From an article by Jo Anne Killeen in the Onalaska Holmen Courier-Life:
The “buy local” argument that surfaced recently before the Holmen Village Board is an economic development issue and Holmen’s Economic Development Committee is putting together a proposal to present to the board that would change bid acceptance policies.
The issue was raised at last month’s board meeting when the board voted 5-2 to accept an out of town bid versus a more local bid. The “local” bid for a new squad car, which came from Sparta, was only $65 higher than the lowest bidder from Hartford. Trustee Nancy Proctor, along with Trustee Tony Szak were the two votes arguing to buy local.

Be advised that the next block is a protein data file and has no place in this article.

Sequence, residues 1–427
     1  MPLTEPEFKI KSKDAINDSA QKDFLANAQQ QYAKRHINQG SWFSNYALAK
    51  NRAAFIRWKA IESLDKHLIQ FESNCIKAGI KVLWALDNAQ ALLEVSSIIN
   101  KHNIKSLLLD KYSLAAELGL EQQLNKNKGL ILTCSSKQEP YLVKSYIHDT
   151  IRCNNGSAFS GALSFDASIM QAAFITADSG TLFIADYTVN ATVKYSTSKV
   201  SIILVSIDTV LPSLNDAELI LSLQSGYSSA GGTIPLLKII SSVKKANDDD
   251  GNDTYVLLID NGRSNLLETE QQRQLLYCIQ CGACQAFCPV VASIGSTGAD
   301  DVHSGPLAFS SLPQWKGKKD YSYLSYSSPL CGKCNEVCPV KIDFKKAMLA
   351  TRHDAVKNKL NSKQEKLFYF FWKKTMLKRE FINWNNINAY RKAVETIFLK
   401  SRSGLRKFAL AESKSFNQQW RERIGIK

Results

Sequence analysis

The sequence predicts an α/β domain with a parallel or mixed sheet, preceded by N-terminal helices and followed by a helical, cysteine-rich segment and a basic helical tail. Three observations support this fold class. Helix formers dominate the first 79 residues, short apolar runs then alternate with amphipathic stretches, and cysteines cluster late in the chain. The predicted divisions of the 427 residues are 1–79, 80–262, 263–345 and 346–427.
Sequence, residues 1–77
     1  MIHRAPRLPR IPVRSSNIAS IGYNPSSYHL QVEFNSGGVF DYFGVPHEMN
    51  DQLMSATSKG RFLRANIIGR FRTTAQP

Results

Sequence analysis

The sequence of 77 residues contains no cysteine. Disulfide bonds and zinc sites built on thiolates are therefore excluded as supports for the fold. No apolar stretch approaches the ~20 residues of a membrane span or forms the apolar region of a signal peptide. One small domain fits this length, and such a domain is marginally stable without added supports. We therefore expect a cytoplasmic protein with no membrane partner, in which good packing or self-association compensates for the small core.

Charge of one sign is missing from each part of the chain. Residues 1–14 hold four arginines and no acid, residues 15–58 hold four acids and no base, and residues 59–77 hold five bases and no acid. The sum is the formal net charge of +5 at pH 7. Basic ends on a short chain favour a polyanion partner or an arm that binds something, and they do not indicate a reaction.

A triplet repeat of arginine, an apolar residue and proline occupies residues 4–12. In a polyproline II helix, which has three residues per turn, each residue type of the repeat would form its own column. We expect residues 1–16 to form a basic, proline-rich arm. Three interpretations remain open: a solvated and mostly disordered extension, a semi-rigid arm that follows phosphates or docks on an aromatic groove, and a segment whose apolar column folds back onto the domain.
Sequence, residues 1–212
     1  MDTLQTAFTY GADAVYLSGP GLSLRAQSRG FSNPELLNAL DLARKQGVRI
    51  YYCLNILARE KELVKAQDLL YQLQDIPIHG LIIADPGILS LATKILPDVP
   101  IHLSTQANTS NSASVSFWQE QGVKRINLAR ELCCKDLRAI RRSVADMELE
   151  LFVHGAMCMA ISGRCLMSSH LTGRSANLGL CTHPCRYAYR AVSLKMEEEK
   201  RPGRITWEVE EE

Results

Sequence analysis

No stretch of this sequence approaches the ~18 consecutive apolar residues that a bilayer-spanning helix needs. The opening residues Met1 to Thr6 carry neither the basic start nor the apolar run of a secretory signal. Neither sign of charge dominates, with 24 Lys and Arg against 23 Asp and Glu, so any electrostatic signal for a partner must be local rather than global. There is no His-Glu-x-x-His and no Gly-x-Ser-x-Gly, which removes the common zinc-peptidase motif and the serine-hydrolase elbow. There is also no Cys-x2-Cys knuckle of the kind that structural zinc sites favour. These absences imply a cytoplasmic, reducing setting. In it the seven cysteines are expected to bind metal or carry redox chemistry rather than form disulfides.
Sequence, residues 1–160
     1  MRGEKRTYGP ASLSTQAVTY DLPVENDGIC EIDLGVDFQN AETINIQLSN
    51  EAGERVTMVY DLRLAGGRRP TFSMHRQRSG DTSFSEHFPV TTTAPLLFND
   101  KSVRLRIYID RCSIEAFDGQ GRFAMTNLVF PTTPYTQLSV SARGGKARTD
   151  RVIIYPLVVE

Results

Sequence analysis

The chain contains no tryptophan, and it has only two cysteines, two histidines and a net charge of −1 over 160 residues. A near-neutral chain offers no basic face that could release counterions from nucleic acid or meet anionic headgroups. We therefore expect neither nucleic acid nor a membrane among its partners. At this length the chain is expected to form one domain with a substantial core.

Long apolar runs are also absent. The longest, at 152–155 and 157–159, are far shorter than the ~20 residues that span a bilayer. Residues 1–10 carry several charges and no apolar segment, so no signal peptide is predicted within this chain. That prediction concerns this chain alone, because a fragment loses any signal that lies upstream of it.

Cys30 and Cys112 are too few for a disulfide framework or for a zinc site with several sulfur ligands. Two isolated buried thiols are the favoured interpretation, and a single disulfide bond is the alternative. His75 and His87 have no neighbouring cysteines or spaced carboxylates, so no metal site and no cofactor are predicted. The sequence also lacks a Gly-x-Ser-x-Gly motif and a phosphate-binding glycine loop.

The board also recently gave a bid to a West Salem company when a Holmen bidder was $46 higher.
“We ought to stay local with the economy the way it is,” Proctor said.
State law requires municipalities who put something out to bid to accept the lowest bid without preferences when there are no other local ordinances allowing them to do otherwise.
Trustee Ryan Olson, who chairs the economic development committee, said he sided with the majority on the squad car vote because of Village President John Chapman’s argument that the integrity of the bidding process was at stake.
Olson also said the decision might have been good government, but not good business. The committee members all agreed local procurement is an economic sustainability issue and discussed alternatives.
At the EDC meeting March 3, Olson said the village could do one of two things. It could develop, adopt and implement an ordinance and then wait to be challenged on it or it could approach state legislators to further define what “preference” means in state procurement laws.